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Three Ming and Qing dynasty artefacts worth $77 million broken by Taiwan museum: Insights from the art world


While we focus on Indian art, we can’t obviously function in a vacuum. It’s a small world and everything is connected, especially on the web. So, let’s train our spotlight across the world map to see what’s going on — from art trends to socio-political issues to everything that affects the great aesthetic global consciousness. Or, let’s just travel the world and have some fun!

$10 Million donation to acquire \”masterpieces\”


The National Gallery of Art in Washington, D.C., is using a $10 million gift from the family of a former trustee to fund the acquisition of works by women artists. The money comes from the relatives of Vicki Sant, the late collector who became the museum’s first female president in 2003. It will now be put toward addressing historical gaps in the museum’s collection. Sant was a member of the museum’s board from 2000 until her death in 2018. She served as chair of the board from 2003 to 2014. Two works of European art have been approved to be purchased with the fund: a portrait painting and a sculpture by Lavinia Fontana and Luisa Roldán, respectively. The former, produced in the 16th century portrays the Italian musician Lucia Bonasoni Garzoni in a seated pose; the latter, dated from the 17th century, is a figurine depicting the Virgin Mary and Christ as a child. In a statement, the museum’s director, Kaywin Feldman, said the new endowment fund, which will be distributed under the official title Victoria P. Sant Fund for Women Artists, will be used to acquire “masterpieces.” Read more on Artnet News.

Auction of a Royal Bronze Dragon Deal, halted by the Vietnamese Government

The French auction house Millon is auctioning these Vietnamese royal treasures, which were once used by our Emperior Minh Mạng. These treasures are of signigicance to all Vietnamese and should be returned to Việt Nam. Millon should cancel the auction!https://t.co/mSGl5fWVoR pic.twitter.com/bbTIOhWRfP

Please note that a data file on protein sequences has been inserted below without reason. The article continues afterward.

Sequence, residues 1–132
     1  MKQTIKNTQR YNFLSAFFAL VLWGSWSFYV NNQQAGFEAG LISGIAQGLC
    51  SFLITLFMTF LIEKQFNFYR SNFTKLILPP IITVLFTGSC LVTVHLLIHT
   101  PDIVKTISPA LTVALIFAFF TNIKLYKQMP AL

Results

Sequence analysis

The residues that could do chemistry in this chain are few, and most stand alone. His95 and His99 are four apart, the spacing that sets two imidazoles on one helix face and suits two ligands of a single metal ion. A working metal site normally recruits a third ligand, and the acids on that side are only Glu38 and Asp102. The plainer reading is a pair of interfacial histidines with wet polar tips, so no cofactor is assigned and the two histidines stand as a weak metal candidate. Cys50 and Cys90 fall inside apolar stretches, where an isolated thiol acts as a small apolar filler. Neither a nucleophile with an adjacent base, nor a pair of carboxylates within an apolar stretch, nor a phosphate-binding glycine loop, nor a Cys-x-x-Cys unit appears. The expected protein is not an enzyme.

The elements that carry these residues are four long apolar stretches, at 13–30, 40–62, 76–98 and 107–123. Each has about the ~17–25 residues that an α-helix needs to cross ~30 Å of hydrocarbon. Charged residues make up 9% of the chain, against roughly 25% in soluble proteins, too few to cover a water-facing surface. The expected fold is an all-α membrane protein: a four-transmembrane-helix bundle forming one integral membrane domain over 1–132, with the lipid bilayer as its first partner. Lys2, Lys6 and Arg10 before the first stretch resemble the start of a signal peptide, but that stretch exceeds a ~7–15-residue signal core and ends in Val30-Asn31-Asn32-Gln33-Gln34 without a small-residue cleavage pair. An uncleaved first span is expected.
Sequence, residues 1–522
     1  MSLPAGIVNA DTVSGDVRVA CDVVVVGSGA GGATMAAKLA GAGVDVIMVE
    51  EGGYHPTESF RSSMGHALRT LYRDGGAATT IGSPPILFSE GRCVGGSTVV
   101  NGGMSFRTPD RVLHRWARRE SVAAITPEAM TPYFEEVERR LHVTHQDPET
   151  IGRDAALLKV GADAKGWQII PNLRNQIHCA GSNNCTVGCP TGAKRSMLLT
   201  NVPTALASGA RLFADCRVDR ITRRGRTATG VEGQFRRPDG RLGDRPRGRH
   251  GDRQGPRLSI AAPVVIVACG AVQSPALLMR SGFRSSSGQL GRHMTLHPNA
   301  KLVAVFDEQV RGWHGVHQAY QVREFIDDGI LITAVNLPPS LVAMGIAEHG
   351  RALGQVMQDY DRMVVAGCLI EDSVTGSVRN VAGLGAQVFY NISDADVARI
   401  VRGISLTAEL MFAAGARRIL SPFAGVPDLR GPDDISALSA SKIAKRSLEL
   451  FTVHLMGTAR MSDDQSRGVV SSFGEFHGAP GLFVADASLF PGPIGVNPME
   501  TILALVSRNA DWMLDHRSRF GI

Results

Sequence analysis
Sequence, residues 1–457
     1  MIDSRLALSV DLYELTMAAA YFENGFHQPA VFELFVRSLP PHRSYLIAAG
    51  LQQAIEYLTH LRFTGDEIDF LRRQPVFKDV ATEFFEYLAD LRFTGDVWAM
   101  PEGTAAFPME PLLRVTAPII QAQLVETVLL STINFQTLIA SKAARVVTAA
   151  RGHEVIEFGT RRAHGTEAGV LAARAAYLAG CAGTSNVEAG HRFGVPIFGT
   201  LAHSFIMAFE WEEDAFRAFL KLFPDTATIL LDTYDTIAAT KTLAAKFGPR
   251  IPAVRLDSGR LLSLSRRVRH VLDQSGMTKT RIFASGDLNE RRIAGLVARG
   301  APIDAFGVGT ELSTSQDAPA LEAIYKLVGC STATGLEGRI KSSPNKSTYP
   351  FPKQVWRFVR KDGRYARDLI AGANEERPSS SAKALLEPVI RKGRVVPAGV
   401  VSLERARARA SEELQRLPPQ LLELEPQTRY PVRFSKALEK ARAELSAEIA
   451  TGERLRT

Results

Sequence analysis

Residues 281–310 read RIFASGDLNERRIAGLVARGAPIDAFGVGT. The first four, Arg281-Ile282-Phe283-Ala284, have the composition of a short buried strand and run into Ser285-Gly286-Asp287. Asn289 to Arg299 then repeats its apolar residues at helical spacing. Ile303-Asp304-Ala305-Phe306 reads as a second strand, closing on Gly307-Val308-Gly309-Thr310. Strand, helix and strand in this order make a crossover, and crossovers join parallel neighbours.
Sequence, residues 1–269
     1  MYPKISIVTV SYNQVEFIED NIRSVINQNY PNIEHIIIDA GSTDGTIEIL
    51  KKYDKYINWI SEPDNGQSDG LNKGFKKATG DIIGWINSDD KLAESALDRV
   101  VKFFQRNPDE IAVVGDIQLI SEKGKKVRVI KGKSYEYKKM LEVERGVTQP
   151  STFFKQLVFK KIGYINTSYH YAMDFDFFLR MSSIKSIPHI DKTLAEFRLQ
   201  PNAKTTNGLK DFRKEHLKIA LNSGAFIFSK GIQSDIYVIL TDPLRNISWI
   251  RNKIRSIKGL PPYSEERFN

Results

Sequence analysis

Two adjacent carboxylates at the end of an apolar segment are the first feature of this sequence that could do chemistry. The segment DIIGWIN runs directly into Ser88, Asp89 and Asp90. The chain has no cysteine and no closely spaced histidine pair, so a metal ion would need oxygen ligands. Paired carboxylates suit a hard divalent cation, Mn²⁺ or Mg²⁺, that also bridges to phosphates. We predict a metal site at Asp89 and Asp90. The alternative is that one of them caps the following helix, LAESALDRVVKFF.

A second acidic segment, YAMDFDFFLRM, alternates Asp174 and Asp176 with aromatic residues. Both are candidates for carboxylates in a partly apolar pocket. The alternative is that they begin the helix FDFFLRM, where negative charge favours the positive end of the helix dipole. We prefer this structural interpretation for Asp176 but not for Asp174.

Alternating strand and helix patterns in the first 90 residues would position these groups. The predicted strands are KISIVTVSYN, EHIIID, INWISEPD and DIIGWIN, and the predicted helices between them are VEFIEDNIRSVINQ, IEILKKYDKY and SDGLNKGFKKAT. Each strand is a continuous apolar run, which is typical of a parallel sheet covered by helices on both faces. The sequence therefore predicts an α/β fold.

— Dr. Nguyễn Phan Quế Mai (@nguyen_p_quemai) October 29, 2022


The sale of a 19th-century Vietnamese bronze seal at a French auction house has been postponed after government officials in Vietnam stepped in. Originally scheduled to hit the block as part of the “Great Civilizations: Vietnam Arts Sale” on October 31 at Paris-based Millon, the seal was removed from the online catalog, and a statement on the auction house website said that due to “strong interest” from the Vietnamese State, “we are postponing the sale of this coin.” The sale was rescheduled for Thursday, November 10, though a deal between the house and officials in Hanoi may occur before that time. Nguyen Phuong Hoa, the director general of the International Cooperation Department of the Vietnamese Ministry of Culture, Sports, and Tourism, said that the country halted the sale with the goal of “a direct negotiation between the two sides” to discuss returning the object to Vietnam. “The imperial golden seal is an antique which represents a lot of values from a historical period of Vietnam,” she told BloombergDetails on Artnet news.

Chinese artifacts broken at Taiwanese museum


A bowl, teacup, and plate from the Ming and Qing dynasties worth £66 million ($77 million) were broken in three separate incidents at Taiwan’s National Palace Museum over the past 18 months. These incidents were previously undisclosed, and only came to light last week following questioning from a Taiwanese legislator. On Friday, Taiwan’s opposition legislator Chen I-shin claimed he received a tip that the museum director Wu Mi-cha instructed staff to cover up the incidents and to treat all paperwork as classified. “We have absolutely not hidden anything about this,” Wu said at a press conference, according to the Guardian. Wu and the museum denied the allegations. They claim that any precautions taken were to ensure that the evidence was not tampered with while the breakages were under investigation. More at Art news.


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